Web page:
The country has become the epicentre of the deadly pandemic on the continent, accounting for more than half of Africa’s diagnosed infections.
“Today South Africa has exceeded the half-a-million mark with a cumulative total of 503,290 confirmed COVID-19 cases recorded,” Heath Minister Zweli Mkhize said in his daily update.
More than a third of positive cases are in Gauteng province — South Africa’s financial hub.
So far the number of fatalities stands at 8,153, although local researchers have recorded a jump of nearly 60 percent in the overall number of natural deaths in recent weeks, suggesting a far higher toll of coronavirus-related fatalities than officially recorded.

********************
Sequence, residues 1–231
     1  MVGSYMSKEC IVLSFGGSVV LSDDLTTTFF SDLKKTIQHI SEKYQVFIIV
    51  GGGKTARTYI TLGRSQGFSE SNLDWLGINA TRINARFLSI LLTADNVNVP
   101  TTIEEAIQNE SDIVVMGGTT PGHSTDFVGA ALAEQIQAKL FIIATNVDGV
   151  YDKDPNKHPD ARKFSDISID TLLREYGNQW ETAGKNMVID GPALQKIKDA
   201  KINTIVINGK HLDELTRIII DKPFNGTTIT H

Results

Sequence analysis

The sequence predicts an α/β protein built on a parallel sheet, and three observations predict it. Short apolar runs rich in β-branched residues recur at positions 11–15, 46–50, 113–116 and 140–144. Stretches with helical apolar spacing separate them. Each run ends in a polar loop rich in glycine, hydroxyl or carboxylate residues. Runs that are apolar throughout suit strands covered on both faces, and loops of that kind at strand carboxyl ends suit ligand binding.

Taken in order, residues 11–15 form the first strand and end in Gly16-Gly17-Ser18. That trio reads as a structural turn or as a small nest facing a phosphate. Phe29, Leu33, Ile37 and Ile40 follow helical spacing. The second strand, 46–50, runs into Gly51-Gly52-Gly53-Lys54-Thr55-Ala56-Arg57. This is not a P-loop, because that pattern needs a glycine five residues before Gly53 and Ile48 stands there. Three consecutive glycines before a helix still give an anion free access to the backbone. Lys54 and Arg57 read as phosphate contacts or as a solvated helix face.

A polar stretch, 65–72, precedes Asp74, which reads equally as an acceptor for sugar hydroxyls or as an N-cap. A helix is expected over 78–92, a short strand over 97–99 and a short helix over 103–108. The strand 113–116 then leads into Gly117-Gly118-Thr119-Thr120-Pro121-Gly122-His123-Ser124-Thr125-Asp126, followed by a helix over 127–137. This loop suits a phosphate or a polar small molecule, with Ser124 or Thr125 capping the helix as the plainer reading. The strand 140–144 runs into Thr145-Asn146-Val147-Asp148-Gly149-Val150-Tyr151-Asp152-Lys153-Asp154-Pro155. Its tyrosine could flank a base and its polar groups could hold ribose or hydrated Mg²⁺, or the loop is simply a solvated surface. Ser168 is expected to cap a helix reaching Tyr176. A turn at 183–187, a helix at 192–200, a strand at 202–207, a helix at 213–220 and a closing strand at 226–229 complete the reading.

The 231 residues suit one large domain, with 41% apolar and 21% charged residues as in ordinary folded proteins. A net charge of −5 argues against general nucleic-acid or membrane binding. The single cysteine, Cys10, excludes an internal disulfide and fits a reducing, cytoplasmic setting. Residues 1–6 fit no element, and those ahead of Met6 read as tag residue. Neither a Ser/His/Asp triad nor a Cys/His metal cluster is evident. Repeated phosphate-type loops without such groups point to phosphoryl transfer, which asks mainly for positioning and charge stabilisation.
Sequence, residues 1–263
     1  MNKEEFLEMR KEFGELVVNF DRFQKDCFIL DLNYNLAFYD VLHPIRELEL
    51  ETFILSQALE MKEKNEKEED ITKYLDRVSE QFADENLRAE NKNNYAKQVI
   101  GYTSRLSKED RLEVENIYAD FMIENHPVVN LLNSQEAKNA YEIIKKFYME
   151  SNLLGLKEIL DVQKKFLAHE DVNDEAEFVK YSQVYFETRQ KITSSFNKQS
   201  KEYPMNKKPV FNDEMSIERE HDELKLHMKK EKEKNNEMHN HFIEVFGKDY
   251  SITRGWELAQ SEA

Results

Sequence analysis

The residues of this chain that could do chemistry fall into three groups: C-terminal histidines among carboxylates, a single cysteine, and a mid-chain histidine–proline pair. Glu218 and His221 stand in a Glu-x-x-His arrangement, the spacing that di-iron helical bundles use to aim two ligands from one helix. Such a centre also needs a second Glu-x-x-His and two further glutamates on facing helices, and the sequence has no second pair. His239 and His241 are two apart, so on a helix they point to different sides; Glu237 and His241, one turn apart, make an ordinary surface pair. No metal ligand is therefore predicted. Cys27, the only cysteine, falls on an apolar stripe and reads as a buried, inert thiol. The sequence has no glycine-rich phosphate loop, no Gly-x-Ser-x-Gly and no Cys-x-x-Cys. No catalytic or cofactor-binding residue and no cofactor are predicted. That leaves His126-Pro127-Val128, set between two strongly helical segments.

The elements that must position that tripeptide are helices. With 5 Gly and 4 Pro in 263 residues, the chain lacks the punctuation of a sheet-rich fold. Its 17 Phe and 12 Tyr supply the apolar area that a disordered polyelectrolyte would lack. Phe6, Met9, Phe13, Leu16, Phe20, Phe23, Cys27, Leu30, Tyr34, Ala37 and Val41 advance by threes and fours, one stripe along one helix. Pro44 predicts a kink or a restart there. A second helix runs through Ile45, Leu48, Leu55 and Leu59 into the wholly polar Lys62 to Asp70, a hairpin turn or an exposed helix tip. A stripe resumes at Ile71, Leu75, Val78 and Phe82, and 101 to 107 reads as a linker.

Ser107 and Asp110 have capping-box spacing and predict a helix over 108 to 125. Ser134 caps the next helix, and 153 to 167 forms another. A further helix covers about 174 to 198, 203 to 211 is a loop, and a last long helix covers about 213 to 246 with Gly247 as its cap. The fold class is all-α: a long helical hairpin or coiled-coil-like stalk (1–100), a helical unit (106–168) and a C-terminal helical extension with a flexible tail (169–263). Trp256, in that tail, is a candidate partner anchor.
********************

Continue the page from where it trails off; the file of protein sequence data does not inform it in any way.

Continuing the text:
An analysis by the respected South African Medical Research Council (SAMRC) suggested an excess of 22,000 natural mortalities between May 6 and July 21 compared to same period in 2019 and 2018. President Cyril Ramaphosa said Saturday South Africa’s case fatality rate stood at 1.6 percent — “significantly lower than the global average”.
“While South Africa has the fifth highest number of total COVID-19 cases globally, we have only the 36th highest number of deaths as a proportion of the population,” said Ramaphosa.
South Africa’s case load has been rising rapidly in recent weeks. Health authorities have been expecting a surge in cases after the gradual loosening of a strict lockdown that was imposed on March 27, during the early stage of the pandemic. But the recovery rate has so far been a high 68 percent.
South Africa has embarked on an aggressive testing and tracing exercise, conducting more than three million tests since the first case of the virus was recorded there in early March.